According to Todd Tognazzini, a law enforcement captain with California's Department of Fish and Wildlife, the girl was walking with adults on Wildcat Loop Trail — a name that now carries a "strange irony," he said.
The group was about 2 miles from the main parking area around 10 a.m. on Sunday, Feb. 16, when the mountain lion, hiding in some bushes, attacked the girl, Tognazzini said.
She had two puncture wounds and a scratch on her calf, injuries that suggest the mountain lion grabbed, rather than bit her, he said.
Almost immediately, the nearest adult, a friend of the girl's father, sprang into action, pushing the lion off of her so forcefully he fell down and skinned his knee.
A district ranger gave the child first aid care and she was released to her parents. Santa Clara County Sheriff's Office deputies and Santa Clara County Fire Department paramedics also responded.
Such attacks, Tognazzini said, are extremely rare — there have been only 18 mountain lion attacks on humans in the last century, he said, and three fatalities related to mountain lion attacks during that time, two in 1994 and one in 2004.
The most recent mountain lion attack, he said, occurred last month when a mountain lion grabbed a 3-year-old boy in Orange County by the head. The attack was fended off, the boy was hospitalized, and the lion, which remained in the area after the attack, was killed by public safety officers.
There's no theory yet as to why the Rancho San Antonio incident occurred, Tognazzini said. It was late morning and there were lots of people on the trail, uncommon conditions for an attack, he said.
In August, the park was closed for over a week due to a number of sightings of a mountain lion and her cubs.
Mountain lions live throughout the Santa Cruz Mountains. They generally are not a threat to people, and encounters like Sunday's are unusual, rangers said. Nevertheless, park visitors should remain vigilant when in mountain lion territory.
Finding the mountain lion that attacked the girl, and ensuring it is the correct animal, is a complex task, Tognazzini said. After the attack, the Department of Fish and Wildlife collected DNA samples from the girl's clothing and from medical supplies used to treat her wound. The samples were tested in the department's forensics lab, and were confirmed to contain mountain lion DNA. The department will be able to test the DNA of any mountain lion it is able to capture to ensure it matches the samples found on the girl's clothing.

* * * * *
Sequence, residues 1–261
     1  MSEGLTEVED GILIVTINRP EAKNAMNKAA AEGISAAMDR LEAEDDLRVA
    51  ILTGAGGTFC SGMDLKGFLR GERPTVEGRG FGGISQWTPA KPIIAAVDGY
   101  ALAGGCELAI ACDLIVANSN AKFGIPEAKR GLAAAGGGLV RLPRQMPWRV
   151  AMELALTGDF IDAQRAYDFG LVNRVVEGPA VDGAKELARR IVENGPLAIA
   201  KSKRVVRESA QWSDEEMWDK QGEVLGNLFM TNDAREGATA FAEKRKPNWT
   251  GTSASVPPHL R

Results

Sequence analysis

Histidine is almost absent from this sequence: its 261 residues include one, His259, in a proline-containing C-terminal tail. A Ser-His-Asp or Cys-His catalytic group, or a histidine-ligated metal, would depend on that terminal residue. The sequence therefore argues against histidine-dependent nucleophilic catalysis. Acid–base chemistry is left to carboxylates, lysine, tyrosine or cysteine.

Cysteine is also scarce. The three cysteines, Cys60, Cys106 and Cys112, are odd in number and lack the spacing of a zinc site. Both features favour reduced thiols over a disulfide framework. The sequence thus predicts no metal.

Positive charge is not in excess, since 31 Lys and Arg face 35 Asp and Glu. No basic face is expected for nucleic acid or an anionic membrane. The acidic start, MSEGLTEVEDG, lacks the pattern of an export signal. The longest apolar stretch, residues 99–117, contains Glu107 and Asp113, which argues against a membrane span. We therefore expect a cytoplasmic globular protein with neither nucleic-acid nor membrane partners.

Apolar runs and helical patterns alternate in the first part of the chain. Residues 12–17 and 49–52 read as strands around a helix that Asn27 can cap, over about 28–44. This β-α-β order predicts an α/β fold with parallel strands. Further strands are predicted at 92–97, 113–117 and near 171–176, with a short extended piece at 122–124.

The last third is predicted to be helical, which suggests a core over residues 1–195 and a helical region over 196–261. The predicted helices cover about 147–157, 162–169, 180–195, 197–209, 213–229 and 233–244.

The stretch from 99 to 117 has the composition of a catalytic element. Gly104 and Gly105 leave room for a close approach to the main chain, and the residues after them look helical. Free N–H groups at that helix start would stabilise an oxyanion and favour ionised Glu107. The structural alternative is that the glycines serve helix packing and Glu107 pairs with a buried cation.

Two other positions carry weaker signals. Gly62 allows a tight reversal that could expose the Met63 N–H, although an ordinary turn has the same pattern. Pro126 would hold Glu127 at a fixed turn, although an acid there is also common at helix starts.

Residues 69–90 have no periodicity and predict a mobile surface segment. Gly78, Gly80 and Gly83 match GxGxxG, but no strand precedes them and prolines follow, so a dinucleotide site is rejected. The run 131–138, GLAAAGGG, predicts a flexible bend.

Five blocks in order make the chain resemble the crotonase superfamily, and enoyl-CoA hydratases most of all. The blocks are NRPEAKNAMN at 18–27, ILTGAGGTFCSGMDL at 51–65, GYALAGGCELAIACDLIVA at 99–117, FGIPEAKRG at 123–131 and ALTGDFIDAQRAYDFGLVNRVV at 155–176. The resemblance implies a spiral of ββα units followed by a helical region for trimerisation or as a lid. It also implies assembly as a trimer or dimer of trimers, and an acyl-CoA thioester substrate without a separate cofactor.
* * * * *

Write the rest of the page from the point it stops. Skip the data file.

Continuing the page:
If the mountain lion is found, it will be up to the Department of Fish and Wildlife to decide what to do with it, according to Leigh Ann Gessner, spokesperson for the open space district.
It's too early to say what would happen to the lion if it is captured, Tognazzini said. Typically, if an animal is proven to pose a threat to the public, it is killed, he said, but until that is confirmed, the lion would be kept in a caged environment and treated well.
To track mountain lion movement, rangers from the open space district have set up multiple trail cameras to capture images of wildlife in the area, he said. On Monday night, there were no photographs of mountain lions taken. He said that his department would continue the search at least through Wednesday, Feb. 19, but ultimately it will be up to the open space district to decide when Rancho San Antonio will be reopened.
Mountain lions are typically most active at dawn, dusk, and at night, according to the MROSD website, which recommends people avoid hiking or jogging at those times.
In addition, the open space district recommends that people stay alert; avoid hiking, biking or jogging alone; keep a close watch on small children; and do not wear headphones.
If people see a mountain lion in the wild, Tognazzini said, they should make themselves big, not run away, draw children close and make loud noises.
While dogs are not permitted at Rancho San Antonio, he added, people should keep their dogs on leashes in other parks where they are permitted, as the incidence of mountain lions attacking or eating dogs is far higher than mountain lion attacks on humans. People are far more likely to die in a car crash heading to an open space or rural area than they are of a mountain lion attack while there, Tognazzini said.
This story contains 812 words.
Stories older than 90 days are available only to subscribing members. Please help sustain quality local journalism by becoming a subscribing member today.
If you are already a subscriber, please log in so you can continue to enjoy unlimited access to stories and archives. Subscriptions start at $5 per month and may be cancelled at any time.